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ISO 45001 Blog

What to be aware of when implementing ISO 45001 in the electronics manufacturing industry

Given the dangers of working with electric and electronic modules and circuitry and operating machinery that heats and cools to extreme temperatures, the electronics manufacturing industry is expected to be particularly health and safety conscious and therefore sets a special set of challenges when tackling an ISO 45001:2018 implementation.  So, how should an electronics manufacturer tackle ISO 45001, what special considerations need to be taken, and what areas require special attention?

Implementing ISO 45001: Where to begin

In the previous article: 11 occupational health and safety principles and how to apply them in your ISO 45001 project, we considered the general OH&S (operational health and safety) principles that should underpin your OHSMS (Occupational Health and Safety Management System). Of course, the same strategy will need to be used when establishing an OHSMS in an electronics manufacturing business as any other, such as capturing legislation, using corrective action, internal audit, and utilizing employee engagement – all elements we have spoken of in previous blog articles, but what specific areas of concern should an electronics manufacturing organization pay special attention to?


  • Identification of restricted areas and machinery: In this industry you will find a variety of special equipment, from freezers to ovens, from solder wave machines to chip application apparatus, which operate at extremely high temperatures, as well as standard hand tools such as soldering irons and heat guns. In such an environment it is critical for OH&S that restricted areas are clearly defined, and that only operators with appropriate training are involved in the use of the respective machines.
  • Competence and awareness: In the article The importance of awareness training in ISO 45001 we considered the impact of training and awareness on OH&S. With the specialized machinery and inherent element of risk within this sector, this is particularly important, with the use of protective clothing, safety glasses, and protective footwear as important as operational knowledge of the machinery itself. In terms of competence, it is critical that all employees are trained to operate the machinery; that skills, experience, and education are assessed; and that actions are taken to establish and maintain them accordingly.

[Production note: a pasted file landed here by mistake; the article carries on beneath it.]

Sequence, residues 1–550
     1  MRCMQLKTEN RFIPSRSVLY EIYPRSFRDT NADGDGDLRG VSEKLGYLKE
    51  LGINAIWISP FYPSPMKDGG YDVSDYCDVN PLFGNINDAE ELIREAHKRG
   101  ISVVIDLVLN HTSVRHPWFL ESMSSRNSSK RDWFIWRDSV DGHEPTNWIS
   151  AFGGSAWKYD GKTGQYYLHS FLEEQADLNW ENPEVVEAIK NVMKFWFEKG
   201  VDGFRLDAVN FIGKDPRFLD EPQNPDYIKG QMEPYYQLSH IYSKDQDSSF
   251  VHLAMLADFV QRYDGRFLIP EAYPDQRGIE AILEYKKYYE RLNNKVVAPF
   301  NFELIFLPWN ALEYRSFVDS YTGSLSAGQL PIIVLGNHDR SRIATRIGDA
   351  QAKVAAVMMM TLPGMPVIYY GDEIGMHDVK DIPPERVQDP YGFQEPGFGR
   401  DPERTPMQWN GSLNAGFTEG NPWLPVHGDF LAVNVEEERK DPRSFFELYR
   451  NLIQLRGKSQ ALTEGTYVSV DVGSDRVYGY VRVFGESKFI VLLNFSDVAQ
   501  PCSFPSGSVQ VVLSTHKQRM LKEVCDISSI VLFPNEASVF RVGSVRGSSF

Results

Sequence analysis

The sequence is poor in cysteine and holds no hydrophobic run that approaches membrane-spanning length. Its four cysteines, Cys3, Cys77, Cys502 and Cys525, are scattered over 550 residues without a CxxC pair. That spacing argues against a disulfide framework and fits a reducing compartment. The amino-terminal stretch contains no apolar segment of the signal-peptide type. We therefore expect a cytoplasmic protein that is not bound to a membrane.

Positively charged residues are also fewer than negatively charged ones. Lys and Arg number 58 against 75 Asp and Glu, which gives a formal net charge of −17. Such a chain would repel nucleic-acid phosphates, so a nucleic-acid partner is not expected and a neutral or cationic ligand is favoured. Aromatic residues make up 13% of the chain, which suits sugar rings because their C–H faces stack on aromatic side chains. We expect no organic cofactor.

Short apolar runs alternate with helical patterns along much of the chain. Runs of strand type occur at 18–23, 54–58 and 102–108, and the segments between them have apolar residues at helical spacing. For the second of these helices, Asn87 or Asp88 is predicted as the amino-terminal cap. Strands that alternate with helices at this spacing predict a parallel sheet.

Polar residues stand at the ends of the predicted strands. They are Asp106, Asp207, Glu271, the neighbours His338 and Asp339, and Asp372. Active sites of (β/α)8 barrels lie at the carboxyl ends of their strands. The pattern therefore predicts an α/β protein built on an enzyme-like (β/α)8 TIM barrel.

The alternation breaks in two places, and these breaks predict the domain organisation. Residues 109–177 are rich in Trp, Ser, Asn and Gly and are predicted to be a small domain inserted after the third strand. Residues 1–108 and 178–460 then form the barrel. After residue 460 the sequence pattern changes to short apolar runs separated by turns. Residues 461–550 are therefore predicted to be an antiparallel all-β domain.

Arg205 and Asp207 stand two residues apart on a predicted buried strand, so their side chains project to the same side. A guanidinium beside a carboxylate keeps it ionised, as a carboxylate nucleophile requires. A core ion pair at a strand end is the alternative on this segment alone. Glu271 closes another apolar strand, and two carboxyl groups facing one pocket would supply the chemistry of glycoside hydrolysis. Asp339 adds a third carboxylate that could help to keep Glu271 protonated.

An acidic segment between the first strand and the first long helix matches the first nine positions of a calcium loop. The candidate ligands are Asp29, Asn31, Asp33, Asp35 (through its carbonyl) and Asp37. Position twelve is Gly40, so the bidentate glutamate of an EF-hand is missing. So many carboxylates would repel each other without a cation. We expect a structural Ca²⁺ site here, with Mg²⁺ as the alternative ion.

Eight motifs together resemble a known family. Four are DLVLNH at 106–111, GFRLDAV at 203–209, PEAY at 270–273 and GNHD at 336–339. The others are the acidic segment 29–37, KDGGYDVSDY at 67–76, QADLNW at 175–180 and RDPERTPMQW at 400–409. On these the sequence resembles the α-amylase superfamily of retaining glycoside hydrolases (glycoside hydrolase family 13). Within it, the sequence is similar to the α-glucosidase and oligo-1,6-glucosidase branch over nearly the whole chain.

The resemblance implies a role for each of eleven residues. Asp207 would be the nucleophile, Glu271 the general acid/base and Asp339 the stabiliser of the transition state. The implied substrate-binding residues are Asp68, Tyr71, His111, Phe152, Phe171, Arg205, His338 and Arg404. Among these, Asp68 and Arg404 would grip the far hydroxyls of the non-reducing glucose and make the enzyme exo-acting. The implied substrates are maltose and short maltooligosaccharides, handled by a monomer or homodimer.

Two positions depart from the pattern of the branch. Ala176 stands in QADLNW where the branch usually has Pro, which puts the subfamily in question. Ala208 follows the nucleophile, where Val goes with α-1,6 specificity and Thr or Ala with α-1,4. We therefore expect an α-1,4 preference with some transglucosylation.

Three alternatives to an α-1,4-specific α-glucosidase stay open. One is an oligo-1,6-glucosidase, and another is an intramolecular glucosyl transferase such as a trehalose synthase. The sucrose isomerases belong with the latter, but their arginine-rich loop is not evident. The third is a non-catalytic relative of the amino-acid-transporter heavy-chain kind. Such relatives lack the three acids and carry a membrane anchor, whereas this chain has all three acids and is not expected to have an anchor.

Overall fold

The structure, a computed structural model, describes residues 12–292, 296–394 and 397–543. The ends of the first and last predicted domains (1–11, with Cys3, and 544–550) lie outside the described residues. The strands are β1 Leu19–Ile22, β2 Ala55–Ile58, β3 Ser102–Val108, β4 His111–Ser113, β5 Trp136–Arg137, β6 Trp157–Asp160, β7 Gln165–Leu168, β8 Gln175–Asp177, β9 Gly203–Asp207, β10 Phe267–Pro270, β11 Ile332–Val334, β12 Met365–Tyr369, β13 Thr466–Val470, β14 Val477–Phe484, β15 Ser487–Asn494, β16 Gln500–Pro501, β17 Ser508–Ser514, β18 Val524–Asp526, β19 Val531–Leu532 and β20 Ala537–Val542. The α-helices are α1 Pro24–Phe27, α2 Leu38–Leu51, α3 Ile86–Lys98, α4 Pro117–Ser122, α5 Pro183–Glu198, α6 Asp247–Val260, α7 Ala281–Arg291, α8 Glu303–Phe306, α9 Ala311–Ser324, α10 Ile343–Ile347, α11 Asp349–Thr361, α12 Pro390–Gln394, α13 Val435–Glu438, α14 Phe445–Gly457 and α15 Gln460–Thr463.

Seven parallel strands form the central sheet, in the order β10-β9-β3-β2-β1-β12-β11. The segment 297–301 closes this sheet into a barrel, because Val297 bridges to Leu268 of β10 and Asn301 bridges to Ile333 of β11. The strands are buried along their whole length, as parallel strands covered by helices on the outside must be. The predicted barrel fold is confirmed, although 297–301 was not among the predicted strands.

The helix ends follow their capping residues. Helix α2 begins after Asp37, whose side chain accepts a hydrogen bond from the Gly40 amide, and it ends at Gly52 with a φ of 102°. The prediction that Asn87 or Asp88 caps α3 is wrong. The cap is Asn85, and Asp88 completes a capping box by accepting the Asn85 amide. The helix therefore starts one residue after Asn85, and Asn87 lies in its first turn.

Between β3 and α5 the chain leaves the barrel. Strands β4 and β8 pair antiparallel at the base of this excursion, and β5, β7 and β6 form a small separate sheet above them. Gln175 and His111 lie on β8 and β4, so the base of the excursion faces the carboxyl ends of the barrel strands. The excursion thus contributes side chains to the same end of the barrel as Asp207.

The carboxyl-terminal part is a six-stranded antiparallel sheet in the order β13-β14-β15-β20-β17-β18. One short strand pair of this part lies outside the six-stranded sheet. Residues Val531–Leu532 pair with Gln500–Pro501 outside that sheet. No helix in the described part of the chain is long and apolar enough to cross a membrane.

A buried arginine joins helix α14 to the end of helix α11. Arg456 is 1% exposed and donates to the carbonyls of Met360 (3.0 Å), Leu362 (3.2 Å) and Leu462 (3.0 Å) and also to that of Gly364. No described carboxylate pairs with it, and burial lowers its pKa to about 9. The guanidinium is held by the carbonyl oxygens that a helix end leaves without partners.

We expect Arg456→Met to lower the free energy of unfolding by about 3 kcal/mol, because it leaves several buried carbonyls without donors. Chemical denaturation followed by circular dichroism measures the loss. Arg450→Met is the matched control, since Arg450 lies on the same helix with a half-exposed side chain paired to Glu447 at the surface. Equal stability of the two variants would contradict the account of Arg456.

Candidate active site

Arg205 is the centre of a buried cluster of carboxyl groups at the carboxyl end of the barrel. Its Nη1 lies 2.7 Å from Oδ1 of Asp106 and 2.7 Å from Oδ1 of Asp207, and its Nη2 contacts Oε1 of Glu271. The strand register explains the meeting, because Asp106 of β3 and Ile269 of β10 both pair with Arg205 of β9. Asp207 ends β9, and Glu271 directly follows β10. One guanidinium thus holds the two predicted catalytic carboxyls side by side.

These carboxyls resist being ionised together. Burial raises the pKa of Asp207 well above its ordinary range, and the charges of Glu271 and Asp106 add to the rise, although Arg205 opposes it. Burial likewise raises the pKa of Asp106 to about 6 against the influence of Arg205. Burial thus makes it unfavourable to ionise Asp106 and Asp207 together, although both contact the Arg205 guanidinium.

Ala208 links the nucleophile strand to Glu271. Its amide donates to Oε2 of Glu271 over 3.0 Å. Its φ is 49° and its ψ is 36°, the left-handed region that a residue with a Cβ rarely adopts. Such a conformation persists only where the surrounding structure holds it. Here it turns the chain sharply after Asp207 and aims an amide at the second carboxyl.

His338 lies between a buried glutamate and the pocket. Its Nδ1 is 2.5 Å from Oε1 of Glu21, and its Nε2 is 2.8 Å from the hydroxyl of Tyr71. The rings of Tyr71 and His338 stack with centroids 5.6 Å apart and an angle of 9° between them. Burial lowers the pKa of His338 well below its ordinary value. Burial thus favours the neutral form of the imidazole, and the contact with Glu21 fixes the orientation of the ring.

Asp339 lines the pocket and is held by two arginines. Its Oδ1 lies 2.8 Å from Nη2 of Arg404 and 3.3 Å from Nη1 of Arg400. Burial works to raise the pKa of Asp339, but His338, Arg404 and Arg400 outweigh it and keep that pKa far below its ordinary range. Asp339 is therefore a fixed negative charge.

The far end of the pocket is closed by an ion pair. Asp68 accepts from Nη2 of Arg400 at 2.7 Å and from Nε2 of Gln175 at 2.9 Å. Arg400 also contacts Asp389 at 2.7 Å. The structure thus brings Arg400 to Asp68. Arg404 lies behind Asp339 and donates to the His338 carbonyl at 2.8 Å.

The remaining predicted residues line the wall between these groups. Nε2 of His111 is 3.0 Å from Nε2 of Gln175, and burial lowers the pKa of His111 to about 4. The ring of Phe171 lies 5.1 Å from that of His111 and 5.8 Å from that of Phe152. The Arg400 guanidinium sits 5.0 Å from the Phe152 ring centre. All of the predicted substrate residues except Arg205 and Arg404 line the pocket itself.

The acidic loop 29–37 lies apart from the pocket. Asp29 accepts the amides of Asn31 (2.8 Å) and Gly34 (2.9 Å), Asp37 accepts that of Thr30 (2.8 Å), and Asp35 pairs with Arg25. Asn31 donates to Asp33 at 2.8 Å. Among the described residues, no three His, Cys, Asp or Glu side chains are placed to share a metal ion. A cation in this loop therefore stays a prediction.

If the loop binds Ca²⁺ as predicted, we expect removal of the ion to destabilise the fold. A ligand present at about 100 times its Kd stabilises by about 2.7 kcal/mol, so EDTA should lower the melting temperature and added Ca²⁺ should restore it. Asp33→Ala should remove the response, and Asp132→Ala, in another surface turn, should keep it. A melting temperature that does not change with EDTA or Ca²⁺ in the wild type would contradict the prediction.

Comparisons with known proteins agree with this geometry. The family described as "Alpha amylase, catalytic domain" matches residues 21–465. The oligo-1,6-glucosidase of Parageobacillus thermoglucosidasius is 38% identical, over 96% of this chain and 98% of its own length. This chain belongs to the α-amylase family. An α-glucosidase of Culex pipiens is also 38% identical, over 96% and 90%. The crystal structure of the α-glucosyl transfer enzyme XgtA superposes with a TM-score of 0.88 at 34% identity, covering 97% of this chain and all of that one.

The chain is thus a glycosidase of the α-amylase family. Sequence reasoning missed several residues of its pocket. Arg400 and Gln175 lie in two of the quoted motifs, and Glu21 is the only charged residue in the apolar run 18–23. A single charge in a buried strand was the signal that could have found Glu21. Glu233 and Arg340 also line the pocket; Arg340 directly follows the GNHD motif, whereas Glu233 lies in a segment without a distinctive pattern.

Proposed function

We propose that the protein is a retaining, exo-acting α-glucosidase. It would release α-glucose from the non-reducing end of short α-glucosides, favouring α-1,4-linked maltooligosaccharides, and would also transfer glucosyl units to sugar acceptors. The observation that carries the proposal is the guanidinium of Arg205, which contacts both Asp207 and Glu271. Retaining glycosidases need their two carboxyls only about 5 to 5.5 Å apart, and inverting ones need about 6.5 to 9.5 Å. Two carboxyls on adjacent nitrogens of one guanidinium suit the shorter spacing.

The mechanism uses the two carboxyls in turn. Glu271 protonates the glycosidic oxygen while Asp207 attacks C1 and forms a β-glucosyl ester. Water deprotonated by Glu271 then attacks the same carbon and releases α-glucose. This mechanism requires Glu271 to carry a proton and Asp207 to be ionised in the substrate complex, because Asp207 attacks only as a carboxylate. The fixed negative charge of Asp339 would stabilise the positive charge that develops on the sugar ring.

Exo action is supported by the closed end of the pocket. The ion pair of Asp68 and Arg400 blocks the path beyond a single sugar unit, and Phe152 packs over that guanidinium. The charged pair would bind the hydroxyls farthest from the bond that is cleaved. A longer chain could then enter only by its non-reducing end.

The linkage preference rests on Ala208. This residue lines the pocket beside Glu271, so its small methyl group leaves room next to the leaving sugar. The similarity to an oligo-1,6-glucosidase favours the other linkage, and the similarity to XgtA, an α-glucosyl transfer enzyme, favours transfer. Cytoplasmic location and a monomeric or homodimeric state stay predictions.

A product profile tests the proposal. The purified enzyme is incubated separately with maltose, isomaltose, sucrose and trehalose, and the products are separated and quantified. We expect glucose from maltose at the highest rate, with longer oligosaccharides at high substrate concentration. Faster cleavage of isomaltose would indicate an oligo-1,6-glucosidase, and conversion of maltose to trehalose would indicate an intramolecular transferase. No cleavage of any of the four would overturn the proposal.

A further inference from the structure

• COSHH (Control of Substances Hazardous to Health): All legislation is important, but many hazardous substances are required in an electronics manufacturing environment. Ensure they are logged, controlled in locked cabinets where appropriate, and marked clearly with data sheets held and all elements of COSHH legislation met. The consequences of improper use of hazardous materials are great, and great care should be taken over this subject.
  • Participation and consultation: This element is extremely important in the electronics manufacturing sector. Given the range of activities and amount of machinery operating at any given time, cooperation and knowledge sharing between employees and the OH&S administrators or team is vital. You can read more about this topic in the article How to meet participation and consultation requirements in ISO 45001

So, will identification of and work on these key elements help our OH&S performance?

Ensuring continual improvement

Concentrating on the above elements will help the OH&S performance within your electronics manufacturing organization, but you must remember to execute the basic clauses of the standard also. Ensure your OHSMS is built on the core principles of identification and mitigation of risk, sharing of knowledge and information, and effective root cause and corrective action to correct and prevent reoccurrence of incidents and accidents. Use consultation amongst employees with experience in the electronics manufacturing industry and ensure strong leadership and communication is demonstrated to provide a culture of safety. Most importantly, ensure that the “Plan, Do, Check, Act” cycle is used to improve your OH&S results with defined strategies that are planned, executed, measured, and improved, and your employees will benefit.

Why not use our free  Gap Analysis Tool to measure your OHSMS against the standard?

Advisera John Nolan
Author
John Nolan
John Nolan is a Fellow of the Institute of Leaders and Managers in the United Kingdom, and Prince 2 accredited with a background in Engineering and Electronics and Data Storage and Transfer. Having studied and qualified as both a Mechanical and Electronic Engineer, he has spent the last 15 years designing and delivering Quality Systems and projects across many sectors in the UK, including both national and local government.